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Joe A. Jimenez v. Michael J. Astrue

UNITED STATES DISTRICT COURT CENTRAL DISTRICT OF CALIFORNIA


February 9, 2012

JOE A. JIMENEZ, PLAINTIFF,
v.
MICHAEL J. ASTRUE, COMMISSIONER OF SOCIAL SECURITY, DEFENDANT.

The opinion of the court was delivered by: Honorable Jacqueline Chooljian United States Magistrate Judge

MEMORANDUM OPINION AND ORDER OF REMAND

I. SUMMARY

On July 19, 2011, plaintiff Joe A. Jimenez ("plaintiff") filed a Complaint seeking review of the Commissioner of Social Security's denial of plaintiff's application for benefits. The parties have consented to proceed before a United States Magistrate Judge.

This matter is before the Court on the parties' cross motions for summary judgment, respectively ("Plaintiff's Motion") and ("Defendant's Motion"). The Court has taken both motions under submission without oral argument. See Fed. R. Civ. P. 78; L.R. 7-15; July 20, 2011 Case Management Order ¶ 5.

Based on the record as a whole and the applicable law, the decision of the Commissioner is REVERSED AND REMANDED for further proceedings consistent with this Memorandum Opinion and Order of Remand.

II. BACKGROUND AND SUMMARY OF ADMINISTRATIVE DECISION

On October 13, 2008, plaintiff filed an application for Disability Insurance Benefits. (Administrative Record ("AR") 19). Plaintiff asserted that he became disabled on September 5, 2006, due to a fused neck and lower back. (AR 122). The Administrative Law Judge ("ALJ") examined the medical record and heard testimony from plaintiff (who was represented by counsel) and a vocational expert on February 10, 2010. (AR 31-60).

On July 14, 2010, the ALJ determined that plaintiff was not disabled through the date of the decision. (AR 26). Specifically, the ALJ found:

(1) plaintiff suffered from the following severe impairments: lumbago, unspecified thoracic and lumbosacral radiculitis, and post-laminectomy syndrome of the lumbar region (AR 21) (citing Exhibit 10F at 5 [AR 469]); (2) plaintiff's impairments, considered singly or in combination, did not meet or medically equal a listed impairment (AR 22); (3) plaintiff retained the residual functional capacity to perform light work (20 C.F.R. § 404.1567(b)) with several additional limitations (AR 22); (4) plaintiff could not perform his past relevant work (AR *fn1 24-25); (5) there are jobs that exist in significant numbers in the national economy that plaintiff could perform, specifically nut and bolt assembler, bonder, and touch-up screener, electronics (AR 25-26); and (6) plaintiff's allegations regarding his limitations were not credible to the extent they were inconsistent with the ALJ's residual functional capacity assessment (AR 23).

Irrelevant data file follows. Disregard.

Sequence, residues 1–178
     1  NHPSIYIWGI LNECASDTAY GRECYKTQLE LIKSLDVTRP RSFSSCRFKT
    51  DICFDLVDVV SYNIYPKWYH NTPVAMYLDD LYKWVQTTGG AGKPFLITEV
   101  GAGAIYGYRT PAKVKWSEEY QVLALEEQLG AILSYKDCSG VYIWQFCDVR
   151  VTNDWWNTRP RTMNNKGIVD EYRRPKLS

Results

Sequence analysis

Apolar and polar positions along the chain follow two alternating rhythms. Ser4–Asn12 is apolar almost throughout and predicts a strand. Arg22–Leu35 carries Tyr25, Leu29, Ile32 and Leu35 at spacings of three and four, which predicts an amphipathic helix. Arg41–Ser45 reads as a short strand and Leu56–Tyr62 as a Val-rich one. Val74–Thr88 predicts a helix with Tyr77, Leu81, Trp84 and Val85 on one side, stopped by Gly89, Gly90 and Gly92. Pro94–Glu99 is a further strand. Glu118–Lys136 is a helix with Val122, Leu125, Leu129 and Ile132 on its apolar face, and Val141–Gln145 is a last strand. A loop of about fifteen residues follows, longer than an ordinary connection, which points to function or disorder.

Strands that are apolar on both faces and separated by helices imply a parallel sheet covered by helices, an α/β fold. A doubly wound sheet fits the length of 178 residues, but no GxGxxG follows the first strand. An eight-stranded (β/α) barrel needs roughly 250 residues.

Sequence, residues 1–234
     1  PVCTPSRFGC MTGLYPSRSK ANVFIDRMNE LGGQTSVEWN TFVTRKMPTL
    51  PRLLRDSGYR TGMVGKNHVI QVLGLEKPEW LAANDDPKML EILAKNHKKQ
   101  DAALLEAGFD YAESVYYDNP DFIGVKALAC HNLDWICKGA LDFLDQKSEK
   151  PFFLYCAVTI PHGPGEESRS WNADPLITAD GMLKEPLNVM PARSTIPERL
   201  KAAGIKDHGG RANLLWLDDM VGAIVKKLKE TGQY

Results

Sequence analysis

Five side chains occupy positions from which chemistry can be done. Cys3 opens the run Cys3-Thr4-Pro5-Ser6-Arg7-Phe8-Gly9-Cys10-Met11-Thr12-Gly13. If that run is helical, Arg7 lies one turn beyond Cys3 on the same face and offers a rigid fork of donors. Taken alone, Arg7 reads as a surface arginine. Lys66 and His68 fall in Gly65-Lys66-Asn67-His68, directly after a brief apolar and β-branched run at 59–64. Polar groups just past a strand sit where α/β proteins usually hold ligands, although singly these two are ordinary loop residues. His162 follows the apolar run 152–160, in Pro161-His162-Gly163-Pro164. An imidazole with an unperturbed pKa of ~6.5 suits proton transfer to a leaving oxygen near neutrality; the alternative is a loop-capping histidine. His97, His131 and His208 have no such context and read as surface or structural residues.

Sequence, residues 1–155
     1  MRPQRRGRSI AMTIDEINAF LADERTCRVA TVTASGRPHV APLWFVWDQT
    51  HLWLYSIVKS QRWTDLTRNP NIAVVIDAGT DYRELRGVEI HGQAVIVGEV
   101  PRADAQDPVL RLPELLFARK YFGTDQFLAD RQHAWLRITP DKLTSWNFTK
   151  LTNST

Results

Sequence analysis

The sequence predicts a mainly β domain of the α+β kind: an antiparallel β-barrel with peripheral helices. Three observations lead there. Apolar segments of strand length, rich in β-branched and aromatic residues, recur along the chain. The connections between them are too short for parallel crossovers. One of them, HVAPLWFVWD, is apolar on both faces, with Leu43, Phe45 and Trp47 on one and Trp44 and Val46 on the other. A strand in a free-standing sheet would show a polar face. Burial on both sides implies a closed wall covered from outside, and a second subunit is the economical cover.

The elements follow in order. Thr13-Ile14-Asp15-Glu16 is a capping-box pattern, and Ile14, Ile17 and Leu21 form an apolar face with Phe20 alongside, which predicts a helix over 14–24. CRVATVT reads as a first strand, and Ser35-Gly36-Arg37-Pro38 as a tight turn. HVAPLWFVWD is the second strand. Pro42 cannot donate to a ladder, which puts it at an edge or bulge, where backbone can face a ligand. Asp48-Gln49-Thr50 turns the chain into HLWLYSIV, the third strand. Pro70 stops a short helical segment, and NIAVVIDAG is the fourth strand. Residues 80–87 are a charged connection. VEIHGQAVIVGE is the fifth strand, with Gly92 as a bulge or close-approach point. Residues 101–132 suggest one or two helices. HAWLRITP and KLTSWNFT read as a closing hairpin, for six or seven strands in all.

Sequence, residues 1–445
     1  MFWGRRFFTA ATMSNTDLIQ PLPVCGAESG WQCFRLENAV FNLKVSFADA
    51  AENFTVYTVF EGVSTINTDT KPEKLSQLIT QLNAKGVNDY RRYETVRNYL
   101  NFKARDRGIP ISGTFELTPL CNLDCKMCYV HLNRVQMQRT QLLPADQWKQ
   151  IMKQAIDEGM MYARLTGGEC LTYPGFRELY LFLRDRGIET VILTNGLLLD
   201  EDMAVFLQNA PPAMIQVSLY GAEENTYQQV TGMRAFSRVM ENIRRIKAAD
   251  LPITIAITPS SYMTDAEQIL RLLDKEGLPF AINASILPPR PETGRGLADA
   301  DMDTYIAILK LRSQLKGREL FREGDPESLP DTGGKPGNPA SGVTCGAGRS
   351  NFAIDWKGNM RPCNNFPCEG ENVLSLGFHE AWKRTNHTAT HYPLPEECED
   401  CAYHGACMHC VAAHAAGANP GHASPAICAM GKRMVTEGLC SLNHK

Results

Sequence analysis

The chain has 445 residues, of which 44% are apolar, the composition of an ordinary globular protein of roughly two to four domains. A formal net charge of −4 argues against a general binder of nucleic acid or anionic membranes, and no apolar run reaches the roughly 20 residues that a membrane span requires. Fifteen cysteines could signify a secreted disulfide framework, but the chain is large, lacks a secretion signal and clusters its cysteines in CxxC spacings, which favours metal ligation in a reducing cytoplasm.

The Appeals Council denied plaintiff's application for review. (AR 1).

III. APPLICABLE LEGAL STANDARDS

A. Sequential Evaluation Process

To qualify for disability benefits, a claimant must show that the claimant is unable to engage in any substantial gainful activity by reason of a medically determinable physical or mental impairment which can be expected to result in death or which has lasted or can be expected to last for a continuous period of at least twelve months. Burch v. Barnhart, 400 F.3d 676, 679 (9th Cir. 2005) (citing 42 U.S.C. § 423(d)(1)(A)). The impairment must render the claimant incapable of performing the work claimant previously performed and incapable of performing any other substantial gainful employment that exists in the national economy. Tackett v. Apfel, 180 F.3d 1094, 1098 (9th Cir. 1999) (citing 42 U.S.C. § 423(d)(2)(A)).

In assessing whether a claimant is disabled, an ALJ is to follow a five-step sequential evaluation process:

(1) Is the claimant presently engaged in substantial gainful activity? If so, the claimant is not disabled. If not, proceed to step two.

(2) Is the claimant's alleged impairment sufficiently severe to limit the claimant's ability to work? If not, the claimant is not disabled. If so, proceed to step three.

(3) Does the claimant's impairment, or combination of impairments, meet or equal an impairment listed in 20 C.F.R. Part 404, Subpart P, Appendix 1? If so, the claimant is disabled. If not, proceed to step four.

(4) Does the claimant possess the residual functional capacity to perform the claimant's past relevant work? If so, the claimant is not disabled. If not, proceed to step five.